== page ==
DC’s heroes may care more about protecting and serving humanity than our real-life counterparts, but same goes for Marvel heroes. Whether they’re mutant humans themselves or aliens who visit us, they always stay here to fight for us. Villains see Earthlings as insignificant pawns getting in the way of whatever natural resources the Earth as a planet can provide them. Our superheroes somehow continue to see the best in us. They love us, even. Thor eventually leaves Asgard behind for Jane Foster, human woman. The Guardians of the Galaxy are led by a half-human Starlord, but he’s really only guarding the galaxy because he got kidnapped from Earth, and would much rather be making mixtapes back home. And the Eternals, who could also be called The Guardians of The Earth, fall in love with their human subjects, too. They want to become human, even?! Is this a reverse Stockholm Syndrome? Or is this more like how when people become dog owners, the pets and the people eventually start taking on each other’s personality traits? It doesn’t make any logical sense for the Eternals in the MCU (perhaps makes much more sense in the original comics), but the MCU isn’t going to keep generating conflicts and teases to the next sequels on their own, are they?
If I think too much about Eternals, I begin questioning everything about them.
They claim they didn’t intervene when Thanos showed up because of orders, but the Celestials obviously would have taken issue with Thanos and his Infinity Stone gambit in the first place, and even just cursory digging online led me last night to the knowledge that Thanos would explicitly fall under the Eternals orders to intervene. Gahhhhhh. Anyhow. Why do Eternals even have emotions? It makes no sense. Because it’s not meant to make sense. Only money. And more movies. Which equals more money. The MCU Economy must prevail.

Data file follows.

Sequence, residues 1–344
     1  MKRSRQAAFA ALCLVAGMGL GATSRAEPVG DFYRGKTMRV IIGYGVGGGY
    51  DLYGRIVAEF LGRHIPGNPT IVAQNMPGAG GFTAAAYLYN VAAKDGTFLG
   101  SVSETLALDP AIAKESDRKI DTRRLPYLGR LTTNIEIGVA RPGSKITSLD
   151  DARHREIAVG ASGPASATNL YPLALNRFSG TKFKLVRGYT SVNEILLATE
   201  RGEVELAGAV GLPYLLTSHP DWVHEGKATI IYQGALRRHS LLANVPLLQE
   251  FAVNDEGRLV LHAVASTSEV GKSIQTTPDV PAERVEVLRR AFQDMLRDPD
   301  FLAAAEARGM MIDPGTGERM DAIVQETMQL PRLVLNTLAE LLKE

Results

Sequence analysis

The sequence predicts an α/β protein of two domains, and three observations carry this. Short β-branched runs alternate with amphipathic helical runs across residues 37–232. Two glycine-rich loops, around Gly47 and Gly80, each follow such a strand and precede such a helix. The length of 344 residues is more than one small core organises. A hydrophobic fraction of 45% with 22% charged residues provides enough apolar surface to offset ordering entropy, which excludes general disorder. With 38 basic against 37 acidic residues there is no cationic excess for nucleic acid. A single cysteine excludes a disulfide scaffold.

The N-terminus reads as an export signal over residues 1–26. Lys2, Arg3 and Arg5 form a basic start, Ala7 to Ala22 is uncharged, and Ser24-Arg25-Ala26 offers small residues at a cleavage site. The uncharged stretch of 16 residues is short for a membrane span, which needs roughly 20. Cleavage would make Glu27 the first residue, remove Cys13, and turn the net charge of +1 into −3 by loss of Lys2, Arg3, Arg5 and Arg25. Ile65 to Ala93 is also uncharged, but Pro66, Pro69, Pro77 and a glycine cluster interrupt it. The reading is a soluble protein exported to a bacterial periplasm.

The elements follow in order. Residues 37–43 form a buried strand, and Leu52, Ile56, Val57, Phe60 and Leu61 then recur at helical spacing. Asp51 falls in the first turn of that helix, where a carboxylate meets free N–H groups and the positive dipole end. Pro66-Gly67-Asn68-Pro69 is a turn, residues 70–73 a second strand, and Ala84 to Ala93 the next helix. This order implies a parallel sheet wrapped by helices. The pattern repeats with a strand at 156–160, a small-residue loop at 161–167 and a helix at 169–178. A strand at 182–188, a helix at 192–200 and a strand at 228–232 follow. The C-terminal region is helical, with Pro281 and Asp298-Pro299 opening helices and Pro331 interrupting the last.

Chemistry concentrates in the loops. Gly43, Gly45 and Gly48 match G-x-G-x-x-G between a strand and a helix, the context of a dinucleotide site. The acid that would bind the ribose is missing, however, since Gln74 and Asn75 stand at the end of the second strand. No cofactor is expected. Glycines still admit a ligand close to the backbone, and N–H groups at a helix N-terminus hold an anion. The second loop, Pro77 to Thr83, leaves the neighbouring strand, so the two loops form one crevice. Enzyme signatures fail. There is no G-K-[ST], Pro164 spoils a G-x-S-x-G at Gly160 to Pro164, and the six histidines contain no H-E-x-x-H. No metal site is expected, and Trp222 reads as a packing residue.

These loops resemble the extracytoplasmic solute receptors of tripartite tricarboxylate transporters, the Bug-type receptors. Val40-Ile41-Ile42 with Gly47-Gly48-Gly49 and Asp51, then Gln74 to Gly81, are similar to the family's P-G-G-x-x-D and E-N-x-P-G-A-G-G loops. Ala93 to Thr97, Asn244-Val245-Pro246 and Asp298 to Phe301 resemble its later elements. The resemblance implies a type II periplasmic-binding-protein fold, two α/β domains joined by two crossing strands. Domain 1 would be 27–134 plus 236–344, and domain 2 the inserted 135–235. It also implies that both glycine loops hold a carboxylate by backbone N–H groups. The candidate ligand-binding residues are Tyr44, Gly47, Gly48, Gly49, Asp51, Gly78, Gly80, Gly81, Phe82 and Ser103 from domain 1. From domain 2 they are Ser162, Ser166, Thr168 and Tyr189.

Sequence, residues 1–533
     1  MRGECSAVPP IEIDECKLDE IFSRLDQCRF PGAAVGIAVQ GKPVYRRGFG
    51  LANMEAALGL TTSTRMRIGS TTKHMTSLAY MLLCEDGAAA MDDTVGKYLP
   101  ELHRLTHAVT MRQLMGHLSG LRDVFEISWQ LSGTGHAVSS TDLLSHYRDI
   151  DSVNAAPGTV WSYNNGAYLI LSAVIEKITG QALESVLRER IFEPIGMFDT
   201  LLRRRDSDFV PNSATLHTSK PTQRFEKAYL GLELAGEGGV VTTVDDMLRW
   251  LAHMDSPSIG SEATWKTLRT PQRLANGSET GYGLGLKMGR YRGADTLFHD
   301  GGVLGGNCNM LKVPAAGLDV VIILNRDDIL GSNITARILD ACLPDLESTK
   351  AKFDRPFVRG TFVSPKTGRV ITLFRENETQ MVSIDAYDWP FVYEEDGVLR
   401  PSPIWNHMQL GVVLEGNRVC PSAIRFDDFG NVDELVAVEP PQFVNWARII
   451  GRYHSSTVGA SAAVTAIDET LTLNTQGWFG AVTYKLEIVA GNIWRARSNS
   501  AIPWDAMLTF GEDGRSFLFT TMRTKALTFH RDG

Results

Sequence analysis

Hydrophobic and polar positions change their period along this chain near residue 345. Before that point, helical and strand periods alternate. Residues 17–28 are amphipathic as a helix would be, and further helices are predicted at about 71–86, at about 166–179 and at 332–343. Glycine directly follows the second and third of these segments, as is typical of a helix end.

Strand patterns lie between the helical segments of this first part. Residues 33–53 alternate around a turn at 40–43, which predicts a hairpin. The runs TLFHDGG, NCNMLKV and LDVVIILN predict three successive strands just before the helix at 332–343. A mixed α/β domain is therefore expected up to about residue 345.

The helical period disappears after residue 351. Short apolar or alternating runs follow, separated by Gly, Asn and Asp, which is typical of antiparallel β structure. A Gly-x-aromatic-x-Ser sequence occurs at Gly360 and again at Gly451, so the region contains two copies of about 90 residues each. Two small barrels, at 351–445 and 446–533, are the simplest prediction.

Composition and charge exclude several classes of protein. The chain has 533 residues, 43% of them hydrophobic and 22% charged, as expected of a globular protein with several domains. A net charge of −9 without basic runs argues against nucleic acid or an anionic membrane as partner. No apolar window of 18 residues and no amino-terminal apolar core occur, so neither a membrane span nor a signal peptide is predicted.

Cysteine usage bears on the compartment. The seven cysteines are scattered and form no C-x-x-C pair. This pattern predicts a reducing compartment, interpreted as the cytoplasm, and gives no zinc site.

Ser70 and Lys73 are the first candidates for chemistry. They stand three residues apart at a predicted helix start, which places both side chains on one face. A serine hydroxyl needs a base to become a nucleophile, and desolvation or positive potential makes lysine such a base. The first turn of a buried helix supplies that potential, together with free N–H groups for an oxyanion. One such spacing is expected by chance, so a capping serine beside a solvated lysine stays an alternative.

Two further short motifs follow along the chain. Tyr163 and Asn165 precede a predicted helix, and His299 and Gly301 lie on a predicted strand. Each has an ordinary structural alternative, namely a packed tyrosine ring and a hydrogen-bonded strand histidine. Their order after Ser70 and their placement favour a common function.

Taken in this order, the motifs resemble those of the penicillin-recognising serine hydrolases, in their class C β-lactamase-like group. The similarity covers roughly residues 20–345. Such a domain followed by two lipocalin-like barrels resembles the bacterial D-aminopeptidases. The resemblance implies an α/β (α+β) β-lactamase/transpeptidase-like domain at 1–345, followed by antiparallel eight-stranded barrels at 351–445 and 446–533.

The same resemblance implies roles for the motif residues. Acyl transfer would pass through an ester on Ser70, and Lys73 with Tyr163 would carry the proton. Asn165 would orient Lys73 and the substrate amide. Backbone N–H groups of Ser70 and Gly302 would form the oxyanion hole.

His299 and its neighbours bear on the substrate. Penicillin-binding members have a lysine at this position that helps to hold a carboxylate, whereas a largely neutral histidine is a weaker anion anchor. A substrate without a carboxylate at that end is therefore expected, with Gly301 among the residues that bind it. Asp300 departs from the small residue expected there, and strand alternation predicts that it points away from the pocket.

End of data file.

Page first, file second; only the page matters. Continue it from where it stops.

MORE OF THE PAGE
I suppose this is why I realized while watching Eternals that Captain Marvel is the only truly super hero in our cinematic universe.
Carol Denvers — once imbued with her superpowers, and upon returning to Earth to realize her destiny — goes back out into space. Captain Marvel is the only superhero who leaves us. The only one to tell Nick Fury, and later, the rest of the Avengers, that the galaxy and universe have their own problems, thank you very much, so who’s going to save them? She’s the only one of the lot both to recognize that Earth is just one planet, and humanity one species — the only one to realize what Carl Sagan tried to teach us when I was a kid about our relative insignificance among the BILLIONS AND BILLIONS of stars.
At first, when watching Avengers: Endgame, this annoyed me because it only seemed to serve the screenwriters a loophole for why Captain Marvel doesn’t just save the day an hour or so earlier in the plot. Now I see the bigger picture. Now I see what she sees.
Side note: I suppose DCEU fans could argue that Green Lantern also fits as a hero who knows where Earth stands in the universal scheme of things. What with all of the other Green Lanterns and all. Although nobody seemed to care for how the movie turned out, including the star of said movie, so whoopsie daisy? Sorry, Ryan Reynolds? You’re great as Deadpool, by the way, but you know that, and everybody else knows that, too.
The ultimate whoopsie daisy of a question?
If us humans as a collective recognized our relative insignificance in the universe, how would that change how we live our lives? What then? Must we maintain the illusion of significance to succeed?
That’s the #eternal struggle for all of us. Why are we here? What’s our purpose?
As I’ve suggested before, we can all be heroes.
It’s always so much easier, however, to leave the heroic courage, bravery and actions to the Gods and Superheroes, isn’t it?
Over the centuries, we’ve gone from believing in the Sun God to various Gods, from believing the Earth was the center of the universe to the Sun being the center of our solar system. Yet still, we search for “intelligent life” in the universe only looking for signs of intelligence that we can recognize, as if life only could exist based on carbon?
While some seek to terraform or colonize other planets, others seek to save the Earth we’re living on now, while others still bury their heads in delusions. Either there’s nothing to worry about or there’s nothing we can do. Of course, the real answers are found somewhere in the middle, so long as we keep searching for them.